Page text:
Profile: It's probably the best view angle, but the rear haunches are misshapen making the GX look clumsy. The wheels/tires also don't fill the big wells properly, giving it an ungainly appearance.

Cabin: The blocky appearance of the dash and center console point to the body-on-frame leanings, but it's dated and the silvery plastic looks very '90s.




For a pricey luxury vehicle, the GX 460 does provide a solid cabin and good space for all occupants. Ergonomically, it's showing its age, but occupants won't complain much since the cabin is laid out decently, and the materials are good.

Front Seats: The premium semi-aniline leather-trimmed seats are comfortable and adjust well, but the seating position is a bit high.

Rear Seats: The rear seats are flat, but there's ample space for tall adults. The third row is tight, and there's no adjustability making it less than ideal for anyone but smaller adults and children.

NVH (noise/vibration/harshness): The GX 460 is solidly built and generally quiet. There is some noise at highway speeds, but it's not terribly intrusive.

Visibility: Tall glass helps front and side views, but the D-pillars are thick making rearward sightlines compromised. The rear wide-angle cameras help a lot.

Climate: Three-zone climate worked surprisingly well in all areas and generated plenty of heat quickly. The front heated/ventilated seats also work well.




The GX 460 has not been crash tested, surprisingly, but it does have a solid set of optional safety features that bring it up to speed.

IIHS Rating: Not tested.

NHTSA Rating: Not tested.

Standard Tech: Other than the usual ABS, traction control, and airbags, there's no additional standard safety equipment.

Optional Tech: Our tester came with the Driver Support Package that includes a Pre-Collision System, Dynamic Radar Cruise Control, Lane Departure Alert, Intelligent High Beam Headlamps, and a Wide-View Front and Side Monitor.




For something this big, the GX 460 is a bit parsimonious with storage and cargo space. The side-opening tailgate is an anomaly in the segment, too, adding a bit of weirdness to the mix.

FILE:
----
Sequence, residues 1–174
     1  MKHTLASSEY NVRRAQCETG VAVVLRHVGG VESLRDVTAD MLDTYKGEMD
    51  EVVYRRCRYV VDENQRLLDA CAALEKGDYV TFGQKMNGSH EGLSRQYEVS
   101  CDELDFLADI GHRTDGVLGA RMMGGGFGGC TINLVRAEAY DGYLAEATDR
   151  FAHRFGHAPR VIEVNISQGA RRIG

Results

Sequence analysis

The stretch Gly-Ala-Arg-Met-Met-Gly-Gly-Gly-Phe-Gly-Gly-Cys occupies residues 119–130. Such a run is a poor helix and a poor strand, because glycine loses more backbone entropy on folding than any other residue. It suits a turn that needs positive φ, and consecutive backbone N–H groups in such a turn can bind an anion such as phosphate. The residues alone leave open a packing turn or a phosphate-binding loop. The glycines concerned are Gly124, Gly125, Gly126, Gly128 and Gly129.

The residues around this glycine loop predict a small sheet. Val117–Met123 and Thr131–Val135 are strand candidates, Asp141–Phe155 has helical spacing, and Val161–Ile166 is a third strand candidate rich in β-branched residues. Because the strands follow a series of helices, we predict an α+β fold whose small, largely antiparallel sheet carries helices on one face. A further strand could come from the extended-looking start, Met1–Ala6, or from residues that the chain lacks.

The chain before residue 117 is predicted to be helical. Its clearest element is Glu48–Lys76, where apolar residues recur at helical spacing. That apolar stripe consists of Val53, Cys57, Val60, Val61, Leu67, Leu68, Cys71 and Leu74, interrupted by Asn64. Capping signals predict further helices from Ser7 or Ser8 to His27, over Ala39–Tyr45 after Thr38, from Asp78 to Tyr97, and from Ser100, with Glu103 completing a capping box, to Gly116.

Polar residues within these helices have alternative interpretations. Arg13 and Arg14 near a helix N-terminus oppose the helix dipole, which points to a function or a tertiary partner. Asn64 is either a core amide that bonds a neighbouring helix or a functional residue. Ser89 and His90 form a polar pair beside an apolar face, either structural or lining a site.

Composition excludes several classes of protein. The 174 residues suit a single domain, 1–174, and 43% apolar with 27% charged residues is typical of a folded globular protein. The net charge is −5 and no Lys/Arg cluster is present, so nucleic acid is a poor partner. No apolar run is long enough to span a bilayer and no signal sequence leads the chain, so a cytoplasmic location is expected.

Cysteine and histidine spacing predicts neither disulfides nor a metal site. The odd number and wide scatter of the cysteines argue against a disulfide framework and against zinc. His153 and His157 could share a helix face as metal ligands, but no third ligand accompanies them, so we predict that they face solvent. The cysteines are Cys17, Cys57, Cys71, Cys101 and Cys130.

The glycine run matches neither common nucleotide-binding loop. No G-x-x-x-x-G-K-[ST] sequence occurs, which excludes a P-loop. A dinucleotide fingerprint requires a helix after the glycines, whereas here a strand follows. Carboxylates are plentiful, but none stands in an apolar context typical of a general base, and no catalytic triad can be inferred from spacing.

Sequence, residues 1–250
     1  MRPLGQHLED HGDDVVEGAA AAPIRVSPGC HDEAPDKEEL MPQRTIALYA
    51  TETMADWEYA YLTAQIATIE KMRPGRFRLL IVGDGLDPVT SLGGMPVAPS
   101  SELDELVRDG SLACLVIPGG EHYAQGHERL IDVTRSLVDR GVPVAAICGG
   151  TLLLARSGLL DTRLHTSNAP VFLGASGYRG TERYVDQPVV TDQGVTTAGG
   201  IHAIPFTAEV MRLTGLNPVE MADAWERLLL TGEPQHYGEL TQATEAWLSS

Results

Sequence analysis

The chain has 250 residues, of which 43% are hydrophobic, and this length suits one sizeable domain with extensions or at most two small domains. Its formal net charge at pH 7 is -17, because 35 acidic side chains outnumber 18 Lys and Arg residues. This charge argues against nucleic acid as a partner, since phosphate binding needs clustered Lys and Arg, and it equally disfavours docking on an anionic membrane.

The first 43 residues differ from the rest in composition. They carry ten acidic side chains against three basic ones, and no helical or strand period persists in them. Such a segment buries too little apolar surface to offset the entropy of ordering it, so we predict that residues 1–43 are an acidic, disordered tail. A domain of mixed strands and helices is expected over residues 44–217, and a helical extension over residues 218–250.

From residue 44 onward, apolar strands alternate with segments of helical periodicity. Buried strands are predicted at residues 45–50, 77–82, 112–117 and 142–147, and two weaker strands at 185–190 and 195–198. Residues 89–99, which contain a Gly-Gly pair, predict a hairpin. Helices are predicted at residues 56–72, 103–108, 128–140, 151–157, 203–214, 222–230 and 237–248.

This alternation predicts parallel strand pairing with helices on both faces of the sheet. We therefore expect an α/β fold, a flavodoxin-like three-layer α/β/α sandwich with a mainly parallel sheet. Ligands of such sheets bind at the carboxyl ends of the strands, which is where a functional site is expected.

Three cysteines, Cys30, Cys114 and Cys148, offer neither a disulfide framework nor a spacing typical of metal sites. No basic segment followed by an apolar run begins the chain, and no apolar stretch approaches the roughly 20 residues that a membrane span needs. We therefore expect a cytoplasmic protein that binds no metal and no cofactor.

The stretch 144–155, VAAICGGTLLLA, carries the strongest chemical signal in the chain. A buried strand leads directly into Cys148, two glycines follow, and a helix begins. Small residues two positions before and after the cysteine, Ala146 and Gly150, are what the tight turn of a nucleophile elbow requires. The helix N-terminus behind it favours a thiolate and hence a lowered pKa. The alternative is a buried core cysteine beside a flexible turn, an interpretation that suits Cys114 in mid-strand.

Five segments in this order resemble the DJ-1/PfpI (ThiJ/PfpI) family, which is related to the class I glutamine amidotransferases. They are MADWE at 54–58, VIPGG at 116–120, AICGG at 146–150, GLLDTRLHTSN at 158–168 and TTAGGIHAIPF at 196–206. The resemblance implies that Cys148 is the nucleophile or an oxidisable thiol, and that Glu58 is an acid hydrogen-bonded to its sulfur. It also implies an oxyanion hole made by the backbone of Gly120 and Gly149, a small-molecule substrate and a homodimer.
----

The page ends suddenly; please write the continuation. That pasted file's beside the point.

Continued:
Storage Space: Other than door pockets, a small cubby in front of the shifter, cupholders, and an armrest, there's not much else within reach for small item storage, a big demerit against a big SUV that should offer more. We've seen small sedans with better choices.

Cargo Room: There's a smallish 64.7 cubic feet of space with all the seats folded flat, but when they're up, there's a mere 11.6 cubes, just enough for a few bags of groceries, and that's all.

Fuel Economy



We didn't expect to see much in the way of efficiency from a V8-powered behemoth, and that's what we got. It's not shocking, but we're glad gas prices are still low. We drove it mostly in Sport mode, which didn't help matters much.

Observed: 12.8 mpg.

Distance Driven: 162 miles.




The stock system is pretty good, but we'd prefer a Mark Levinson upgrade. The sound was loud and clear, but there's some bass and depth missing from the mix. At least it was distortion-free.

Final Thoughts

For those who want to take their trips off-the-beaten path but still want power and some semblance of luxury, the GX 460 offers something most competitors don't have with its body-on-frame construction and V8 engine. But if you care at all about modern looks and cutting edge technology, feel free to pass up the GX 460. It's just not holding onto its final years particularly well, and we're guessing the 2020 refresh won't change much of that. Toyota/Lexus may not replace this beast, and we can't say we're especially sad about that.
Shopping for a used
Lexus GX 460?